Healthy Meal #5: Turkey Chili with a Surprise
Day 5 is here! One more day of healthy cooking posts, and then I’m dialing the nearest Chinese restaurant faster than you can say, “Bob’s your uncle.” And I’m betting you can say that pretty darn fast. Do people really cook like this every day? I’m just now realizing how much I rely on “Sandwich Nights”, “Leftover Buffets”, and, well, Potbelly’s. It’s been a real eye-opener.
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So, d’you know what I get a real kick out of? Vegetable stealth. I know what you’re thinking; my life is just “filled to the brim with intrigue.” But listen up, I’m talking about mashing roasted cauliflower florets so that they virtually become invisible when mixed into loaded potatoes, camouflaging micro mini mushrooms bits in thick beef gravy, and with this turkey chili, cryptically adding in a whole bunch of good without hearing a whole bunch of bad from my kids.
Yep, there’s some riveting, spy movie culinary action going on in this household, I’ll tell you!
So here’s the secret ingredient that I blend in the chili pot. . .
A whole can of pumpkin purée. No one is the wiser, yet the health benefits from pumpkin are fantastic, plus it adds a nice richness and depth of flavor to the chili.
Typically I attribute recipes on this site to a person or website. This recipe is different, though. In a way. It’s roughly based on a Weight Watchers Turkey Chili recipe from years ago, but I’ve modified it so much that it’s hard to recognize it as its original self.
It’s sort of the Michael Jackson of chili recipes.
While it might have a lot of ingredients, there’s nothing difficult about making it. I think of recipes like this as “Dump, dump, stir” meals, because that’s pretty much what you’re doing. The hardest part is opening all of the dang cans!
It was also really interesting to count and measure and calculate something that I usually just wing as I go. If I feel I’m in need of more liquid, I’ll open the fridge and grab what I have on hand whether it’s an open box of vegetable stock, a cup of tomato juice, or a bottle of beer. If more veggies are called for, I might add red, orange, yellow or jalapeño peppers, chipotles in adobo, or fresh tomatillos from the garden.
I suppose my point is that this recipe is supremely modifiable. Use it as a guide, but create it in a manner that suits you and your peeps, and as long as you’re adding varied veggies or low fat liquids and not a block of cheddar or a side of beef, it should still remain fairly low in calories and fat and high in beneficial nutrients.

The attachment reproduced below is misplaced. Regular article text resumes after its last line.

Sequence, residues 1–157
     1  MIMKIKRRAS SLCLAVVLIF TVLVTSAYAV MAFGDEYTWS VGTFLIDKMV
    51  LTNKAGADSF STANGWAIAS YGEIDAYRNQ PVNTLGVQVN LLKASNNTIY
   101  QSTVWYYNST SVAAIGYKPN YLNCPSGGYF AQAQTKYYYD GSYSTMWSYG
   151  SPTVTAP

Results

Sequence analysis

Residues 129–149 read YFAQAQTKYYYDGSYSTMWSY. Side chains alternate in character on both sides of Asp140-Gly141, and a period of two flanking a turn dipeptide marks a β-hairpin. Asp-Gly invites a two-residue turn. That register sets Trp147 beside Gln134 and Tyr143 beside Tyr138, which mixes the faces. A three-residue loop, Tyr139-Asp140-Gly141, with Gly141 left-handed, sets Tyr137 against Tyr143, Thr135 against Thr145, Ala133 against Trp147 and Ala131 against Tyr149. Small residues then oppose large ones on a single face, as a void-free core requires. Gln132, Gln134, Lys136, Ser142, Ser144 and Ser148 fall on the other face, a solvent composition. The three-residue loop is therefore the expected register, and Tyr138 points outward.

If your kids are into pasta, go ahead and add in some cooked macaroni and call it Chili Mac. If it’ll make them eat it, you’ve won.
As I was preparing this dish yesterday, a friend stopped in and gave it a taste. Then Spencer gave it a taste – a whole bowl full of taste which then became his supper, and Spencer’s friend followed suit. It’s not their fault. It’s the aroma’s fault. The aroma that consumes your whole home when the chili is simmering away in a magnetic, drool-production sort of way.
Give it a try, you’ll see!
- 2 T olive oil
- Large onion – chopped
- Large green pepper – chopped
- 5 cloves of garlic – minced
- 1 packet taco seasoning
- 1 packet Spicy Ranch dressing mix
- 1T chili powder
- 1T cumin
- 1.25 lbs. ground turkey
- 28 oz. can whole, peeled tomatoes, cut into 8 or so pieces each
- 2, 15 oz. cans of tomato sauce
- 1 cup of store-bought salsa
- 3, 15.5 oz. cans of white or red kidney beans (or use black, pinto, or whatever floats your boat)
- 4 oz. can mild, diced green chilies
- 15 oz. can pumpkin purée
- 3 – 4 cups fat free, low sodium chicken broth
- 1/2 cup chopped cilantro
- Sour cream, shredded cheddar, and green onions as optional toppings
Goodness! What a cheery-looking group of ingredients! It looks like a food circus on my counter.
Heat oil in a large pot. (Ground turkey is so lean, that a little oil is necessary.)
Sauté onions and peppers on medium heat until soft, and then add in garlic for a minute stirring constantly.
Add in the ground turkey, and cook until the meat is white and cooked through.
Add a touch more oil if it’s looking too dry.
Stir in spices: taco seasoning, Ranch packet, chili powder, and cumin.
Add in the whole tomatoes you’ve cut up plus the juice from the can, the tomato sauce, and the salsa.
Rinse beans well in a colander and add to the pot. (You want to remove all of the excess sodium.)
Add diced chilies, pumpkin, broth, and cilantro and stir.
Now, give it a taste.
Do you like the flavor and consistency?
If not, doctor it up a bit with more salt, more heat, more stock or tomato sauce to thin it out or cut down the heat, etc.
You can squeeze in a touch of lime juice, Sriracha, or add a bottle of beer. All are tasty additions.
You can even sneak in a cup of frozen corn, or some chopped mushrooms. (Oh, the excitement of it all.)
Let the chili simmer on low heat for at least an hour to blend the flavors together.
Ladle it into big bowls and serve it with a little shredded cheddar, a dollop of sour cream, some sliced green onion, and giant Southwestern-style cowboy hats for everyone at the table. Then request that they address you as “Ma’am” while tipping their hat.
Hey, you’ve gotta spice things up from time to time.
Here’s another hardy soup option you might like as well: SOUP ROCKS!
Stay tuned to this same Bat Channel to see what healthy meal is up for tomorrow!